Effects of Percutaneous Electrolysis on Endogenous Pain Modulation: A Randomized Controlled Trial Study Protocol

Sergio Varela-Rodríguez, Juan Luis Sánchez-González, José Luis Sánchez-Sánchez, Miguel Delicado-Miralles, Enrique Velasco, César Fernández-de-las-Peñas, Laura Calderón-Díez
2021 Brain Sciences  
Percutaneous electrolysis consists of the application of a galvanic electrical current throughout an acupuncture needle. It has been previously hypothesized that needling procedures' neurophysiological effects may be related to endogenous pain modulation (EPM). This protocol study describes the design of a double-blind (participant, assessor) randomized controlled trial with the aim to investigate whether percutaneous electrolysis is able to enhance EPM and whether the effect is different
more » ... is different between two applications depending on the dosage of the galvanic electrical current. Seventy-two asymptomatic subjects not reporting the presence of pain symptoms the previous 6 months before the study, aged 18–40 years, are randomized into one of four groups: a control group who does not receive any intervention, a needling group who receives a needling intervention without electrical current, a low-intensity percutaneous electrolysis group (0.3 mA × 90 s), and a high-intensity percutaneous electrolysis group (three bouts of 3 mA × 3 s). Needling intervention consists of ultrasound-guided insertion of the needle on the common extensor tendon of the lateral epicondyle. The primary outcome is conditioned pain modulation (CPM), and secondary outcomes include widespread pressure pain sensitivity (pressure pain thresholds (PPT) over the lateral epicondyle, the cervical spine, and the tibialis anterior muscle) and temporal summation (TS). We expected that percutaneous electrolysis would have a greater influence on CPM than an isolated needling procedure and no intervention. In addition, we also postulated that there might be differences in outcome measures depending on the intensity of the electrical current during the percutaneous electrolysis application. This study makes a new contribution to the field of neurophysiological effects of percutaneous electrolysis and needling interventions.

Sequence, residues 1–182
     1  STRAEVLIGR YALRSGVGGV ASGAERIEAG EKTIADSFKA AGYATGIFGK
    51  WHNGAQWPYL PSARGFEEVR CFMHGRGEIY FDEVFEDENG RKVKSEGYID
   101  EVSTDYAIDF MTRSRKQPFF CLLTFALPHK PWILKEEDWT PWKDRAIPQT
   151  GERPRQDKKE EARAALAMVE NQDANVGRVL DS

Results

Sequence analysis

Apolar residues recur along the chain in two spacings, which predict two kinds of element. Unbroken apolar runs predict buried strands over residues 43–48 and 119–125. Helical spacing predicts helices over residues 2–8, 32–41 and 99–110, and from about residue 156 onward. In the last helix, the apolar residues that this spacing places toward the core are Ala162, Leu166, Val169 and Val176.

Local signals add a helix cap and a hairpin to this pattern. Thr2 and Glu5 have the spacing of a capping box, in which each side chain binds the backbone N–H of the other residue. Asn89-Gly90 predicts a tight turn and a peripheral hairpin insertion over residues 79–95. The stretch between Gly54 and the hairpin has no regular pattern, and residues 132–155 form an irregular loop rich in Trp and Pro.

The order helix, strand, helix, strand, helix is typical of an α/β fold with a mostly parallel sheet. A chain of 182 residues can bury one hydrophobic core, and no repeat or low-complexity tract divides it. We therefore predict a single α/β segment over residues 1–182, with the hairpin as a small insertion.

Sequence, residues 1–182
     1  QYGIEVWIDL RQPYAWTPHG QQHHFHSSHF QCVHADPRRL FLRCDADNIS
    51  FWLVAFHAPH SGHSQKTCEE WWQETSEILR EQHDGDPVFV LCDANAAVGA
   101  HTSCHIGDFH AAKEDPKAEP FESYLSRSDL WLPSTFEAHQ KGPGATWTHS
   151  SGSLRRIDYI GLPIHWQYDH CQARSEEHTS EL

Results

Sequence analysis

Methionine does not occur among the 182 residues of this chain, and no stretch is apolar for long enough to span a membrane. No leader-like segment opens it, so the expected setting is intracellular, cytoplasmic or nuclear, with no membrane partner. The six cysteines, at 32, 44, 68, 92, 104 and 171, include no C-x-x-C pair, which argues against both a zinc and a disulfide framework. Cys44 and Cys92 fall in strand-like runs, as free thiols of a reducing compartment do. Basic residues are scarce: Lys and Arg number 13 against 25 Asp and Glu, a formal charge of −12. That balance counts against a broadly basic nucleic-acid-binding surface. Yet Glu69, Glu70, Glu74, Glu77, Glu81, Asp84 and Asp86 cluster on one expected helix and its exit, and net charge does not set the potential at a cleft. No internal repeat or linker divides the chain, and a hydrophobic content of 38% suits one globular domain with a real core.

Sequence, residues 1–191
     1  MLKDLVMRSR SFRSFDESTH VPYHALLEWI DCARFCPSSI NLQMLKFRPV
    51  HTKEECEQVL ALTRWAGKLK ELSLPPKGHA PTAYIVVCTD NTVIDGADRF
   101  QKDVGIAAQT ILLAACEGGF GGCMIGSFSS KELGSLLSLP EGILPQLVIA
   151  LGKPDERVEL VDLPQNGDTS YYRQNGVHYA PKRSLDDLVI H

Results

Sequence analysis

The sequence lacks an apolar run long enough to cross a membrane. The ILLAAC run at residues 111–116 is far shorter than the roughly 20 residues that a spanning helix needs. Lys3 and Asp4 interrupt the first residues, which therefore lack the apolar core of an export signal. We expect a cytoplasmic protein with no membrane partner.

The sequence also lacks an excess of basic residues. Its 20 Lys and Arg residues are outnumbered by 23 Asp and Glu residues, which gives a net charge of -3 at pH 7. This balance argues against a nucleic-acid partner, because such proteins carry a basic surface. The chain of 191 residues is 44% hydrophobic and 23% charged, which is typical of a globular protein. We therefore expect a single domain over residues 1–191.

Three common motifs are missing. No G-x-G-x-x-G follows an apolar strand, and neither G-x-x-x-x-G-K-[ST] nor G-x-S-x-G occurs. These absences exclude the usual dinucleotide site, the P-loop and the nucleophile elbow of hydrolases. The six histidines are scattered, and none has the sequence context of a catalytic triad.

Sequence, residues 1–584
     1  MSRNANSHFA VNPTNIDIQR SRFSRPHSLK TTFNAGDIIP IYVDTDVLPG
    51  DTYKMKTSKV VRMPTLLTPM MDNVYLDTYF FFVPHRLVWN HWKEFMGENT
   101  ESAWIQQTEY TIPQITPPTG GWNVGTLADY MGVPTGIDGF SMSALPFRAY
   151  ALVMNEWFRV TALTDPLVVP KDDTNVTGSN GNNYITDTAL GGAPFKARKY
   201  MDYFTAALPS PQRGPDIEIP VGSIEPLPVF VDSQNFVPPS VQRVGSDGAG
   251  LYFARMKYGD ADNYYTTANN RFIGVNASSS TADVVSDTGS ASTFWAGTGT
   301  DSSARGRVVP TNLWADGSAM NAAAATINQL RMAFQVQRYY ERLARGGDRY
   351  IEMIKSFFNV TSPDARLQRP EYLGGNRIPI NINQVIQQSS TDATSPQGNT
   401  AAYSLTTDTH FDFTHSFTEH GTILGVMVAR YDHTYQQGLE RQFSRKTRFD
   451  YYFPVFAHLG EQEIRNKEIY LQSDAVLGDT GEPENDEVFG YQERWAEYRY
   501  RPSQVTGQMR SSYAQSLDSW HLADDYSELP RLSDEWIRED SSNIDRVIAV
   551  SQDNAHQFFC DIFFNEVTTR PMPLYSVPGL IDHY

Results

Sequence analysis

doi:10.3390/brainsci11060801 fatcat:54m3nwvfpncztjegmbybvtw5mi